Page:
Known Donor Family Law New York – Protecting Lesbian Mothers

Known Donor Family Law New York is changing. 

Many lesbian couples look to known donor family law New York prior to choosing known donors to help them have their families.  In my legal practice, I have seen this number increase steadily over the last 10 years.  Reasons for choosing a known donor include giving children a link to their biological heritage, having access to specific medical histories and providing male influences in the lives of children born into these progressive families.

The law appears to be coalescing in favor of intended mothers and a recent Appellate Division case moves known donor family law in New York further in that direction.  Before discussing the new case, let me give you a brief history of existing known donor family law in New York.known donor family law New York

Existing Family Law Treatment

Brooklyn Family Court Judicial Hearing Officer (JHO) Harold Ross, in a decision titled The Matter of L., et. al, held that as long as uncertainty exists for LGBT couples who create their families with assisted reproductive technology (ART), with both anonymous and known donors, then second parent adoptions are the best way to secure those families from this uncertainty.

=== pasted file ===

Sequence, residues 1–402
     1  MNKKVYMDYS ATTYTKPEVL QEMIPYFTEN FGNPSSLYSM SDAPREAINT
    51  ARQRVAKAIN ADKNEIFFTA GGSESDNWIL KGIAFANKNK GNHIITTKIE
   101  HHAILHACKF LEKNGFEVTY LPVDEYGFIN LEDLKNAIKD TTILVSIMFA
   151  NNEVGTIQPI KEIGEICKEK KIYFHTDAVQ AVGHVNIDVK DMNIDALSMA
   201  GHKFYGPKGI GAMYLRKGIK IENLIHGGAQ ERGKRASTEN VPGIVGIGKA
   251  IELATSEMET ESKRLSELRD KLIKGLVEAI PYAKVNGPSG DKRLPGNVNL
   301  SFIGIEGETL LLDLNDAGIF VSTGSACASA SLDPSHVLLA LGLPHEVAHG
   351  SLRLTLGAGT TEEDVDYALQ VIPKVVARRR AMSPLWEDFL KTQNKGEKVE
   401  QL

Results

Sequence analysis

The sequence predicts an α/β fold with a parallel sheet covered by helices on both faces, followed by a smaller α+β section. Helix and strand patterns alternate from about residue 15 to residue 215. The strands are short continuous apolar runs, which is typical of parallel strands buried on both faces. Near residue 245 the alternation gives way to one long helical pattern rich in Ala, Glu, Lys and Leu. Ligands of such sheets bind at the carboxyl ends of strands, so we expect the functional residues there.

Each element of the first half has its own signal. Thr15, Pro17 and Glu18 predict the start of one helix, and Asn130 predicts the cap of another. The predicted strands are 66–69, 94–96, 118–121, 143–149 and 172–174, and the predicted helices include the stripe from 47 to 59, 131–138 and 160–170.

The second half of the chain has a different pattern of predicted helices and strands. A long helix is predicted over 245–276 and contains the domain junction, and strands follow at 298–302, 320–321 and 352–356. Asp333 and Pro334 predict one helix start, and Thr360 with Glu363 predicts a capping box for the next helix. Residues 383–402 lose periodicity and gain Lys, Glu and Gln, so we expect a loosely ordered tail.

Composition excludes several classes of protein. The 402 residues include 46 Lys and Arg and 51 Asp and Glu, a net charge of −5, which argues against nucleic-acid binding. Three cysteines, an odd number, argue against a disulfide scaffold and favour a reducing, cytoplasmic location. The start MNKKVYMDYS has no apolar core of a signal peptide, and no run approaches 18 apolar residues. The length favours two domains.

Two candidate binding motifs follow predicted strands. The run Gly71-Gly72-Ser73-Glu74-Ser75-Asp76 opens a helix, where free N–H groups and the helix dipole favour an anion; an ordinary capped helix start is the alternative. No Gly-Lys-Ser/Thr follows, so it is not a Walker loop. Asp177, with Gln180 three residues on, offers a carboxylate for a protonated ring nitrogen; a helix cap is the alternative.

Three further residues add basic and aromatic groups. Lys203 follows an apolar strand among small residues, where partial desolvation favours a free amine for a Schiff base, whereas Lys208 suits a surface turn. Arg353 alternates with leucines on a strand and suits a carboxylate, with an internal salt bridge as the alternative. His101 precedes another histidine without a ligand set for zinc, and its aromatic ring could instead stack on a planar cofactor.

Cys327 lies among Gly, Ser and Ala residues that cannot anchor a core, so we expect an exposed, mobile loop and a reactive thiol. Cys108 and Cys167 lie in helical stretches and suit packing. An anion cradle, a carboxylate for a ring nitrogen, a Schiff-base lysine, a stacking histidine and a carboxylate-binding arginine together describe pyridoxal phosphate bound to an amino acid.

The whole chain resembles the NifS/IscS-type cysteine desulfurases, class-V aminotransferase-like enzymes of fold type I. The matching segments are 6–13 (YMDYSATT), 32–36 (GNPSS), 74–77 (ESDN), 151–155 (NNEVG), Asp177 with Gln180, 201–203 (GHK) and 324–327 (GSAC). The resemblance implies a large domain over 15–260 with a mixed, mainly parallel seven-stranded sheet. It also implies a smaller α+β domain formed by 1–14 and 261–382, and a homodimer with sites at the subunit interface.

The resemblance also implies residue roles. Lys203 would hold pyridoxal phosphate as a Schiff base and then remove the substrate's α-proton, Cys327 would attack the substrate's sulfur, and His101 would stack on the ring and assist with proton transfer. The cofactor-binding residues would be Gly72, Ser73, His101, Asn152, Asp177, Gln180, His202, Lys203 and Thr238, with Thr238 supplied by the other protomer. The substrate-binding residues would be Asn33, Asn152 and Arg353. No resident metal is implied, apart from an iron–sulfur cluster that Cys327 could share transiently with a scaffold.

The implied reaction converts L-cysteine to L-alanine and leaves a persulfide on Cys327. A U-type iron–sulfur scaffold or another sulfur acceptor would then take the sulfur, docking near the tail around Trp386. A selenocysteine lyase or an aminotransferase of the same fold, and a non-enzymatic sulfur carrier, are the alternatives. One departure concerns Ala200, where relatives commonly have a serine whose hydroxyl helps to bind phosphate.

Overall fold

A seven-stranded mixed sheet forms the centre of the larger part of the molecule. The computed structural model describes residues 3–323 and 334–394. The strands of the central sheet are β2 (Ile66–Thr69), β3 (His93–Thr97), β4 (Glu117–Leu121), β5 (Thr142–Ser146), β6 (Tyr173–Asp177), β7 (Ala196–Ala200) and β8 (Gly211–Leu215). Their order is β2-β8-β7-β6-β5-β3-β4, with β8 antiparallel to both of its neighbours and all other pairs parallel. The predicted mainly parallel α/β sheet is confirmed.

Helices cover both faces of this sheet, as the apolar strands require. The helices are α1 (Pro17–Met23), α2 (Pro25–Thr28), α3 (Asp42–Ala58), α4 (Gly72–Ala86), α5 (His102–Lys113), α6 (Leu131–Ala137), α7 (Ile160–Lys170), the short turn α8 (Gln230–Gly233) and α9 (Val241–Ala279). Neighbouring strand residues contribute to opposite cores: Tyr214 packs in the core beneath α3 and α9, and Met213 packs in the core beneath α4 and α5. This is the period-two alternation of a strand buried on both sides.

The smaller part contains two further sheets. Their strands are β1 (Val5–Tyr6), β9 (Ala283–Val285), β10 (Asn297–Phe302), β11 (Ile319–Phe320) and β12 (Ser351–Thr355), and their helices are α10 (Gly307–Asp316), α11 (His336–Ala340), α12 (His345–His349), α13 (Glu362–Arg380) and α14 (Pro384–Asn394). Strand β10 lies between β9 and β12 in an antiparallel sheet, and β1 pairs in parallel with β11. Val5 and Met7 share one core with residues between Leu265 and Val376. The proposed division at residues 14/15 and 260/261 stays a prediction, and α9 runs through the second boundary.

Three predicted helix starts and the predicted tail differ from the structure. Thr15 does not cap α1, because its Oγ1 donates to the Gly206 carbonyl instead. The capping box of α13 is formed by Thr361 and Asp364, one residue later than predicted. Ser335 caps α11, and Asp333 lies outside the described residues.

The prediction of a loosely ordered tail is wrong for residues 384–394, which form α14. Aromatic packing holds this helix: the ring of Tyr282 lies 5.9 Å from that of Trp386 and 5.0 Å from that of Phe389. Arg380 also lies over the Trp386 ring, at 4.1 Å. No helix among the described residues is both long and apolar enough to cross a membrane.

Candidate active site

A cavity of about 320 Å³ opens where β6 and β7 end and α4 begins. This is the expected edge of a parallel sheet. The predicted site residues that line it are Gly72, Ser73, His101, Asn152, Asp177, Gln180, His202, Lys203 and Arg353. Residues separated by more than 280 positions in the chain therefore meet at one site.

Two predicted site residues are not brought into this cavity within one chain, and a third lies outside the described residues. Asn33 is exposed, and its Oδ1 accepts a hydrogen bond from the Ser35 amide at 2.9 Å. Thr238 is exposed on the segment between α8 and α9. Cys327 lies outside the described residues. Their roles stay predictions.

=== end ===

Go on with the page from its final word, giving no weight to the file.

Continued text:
In the Matter of Brooke S.B. v. Elizabeth A.  C.C., a landmark decision released in August of 2016, the New York’s highest court overturned previous New York precedent that had torn families apart for decades and ruled that non-biological and non-adoptive parents did have standing to sue for custody and visitation in the New York family court system.  While this case did not specifically address the issue of a known donor’s rights to a child he helped come to be, it brought New York family law in line with many other states which recognize “de facto” parents for the purpose of custody and visitation and prioritizes the best interests of the child in making these critical decisions.

New Case Law 

This new known donor case, entitled In the Matter of Christopher YY v. Jessica ZZ and Nicole ZZ, New York’s Appellate Division, Third Department (whose jurisdiction covers matters derived in South Central New York State to North Eastern and Central Eastern Counties in New York) addressed the issue of a known donor who sought to have a paternity test ordered by a family court.  The family court agreed with the donor and ordered the testing.  The mothers filed an appeal and the result of that appeal was to overturn the lower family court’s decision to order paternity testing for two reasons, thus codifying new known donor family law in New York.

The first reason was the marital status of the mothers.  They were married when they planned on having the child and they had an informal agreement (one drafted and executed without the benefit of legal counsel) with their donor, something that all intended mothers should have with their known donor prior to insemination.  The court stated that there existed a “presumption of legitimacy of a child born to a married woman.”  Even if this presumption exists, the court must conduct a “best interests of the child” analysis before any paternity testing can be ordered.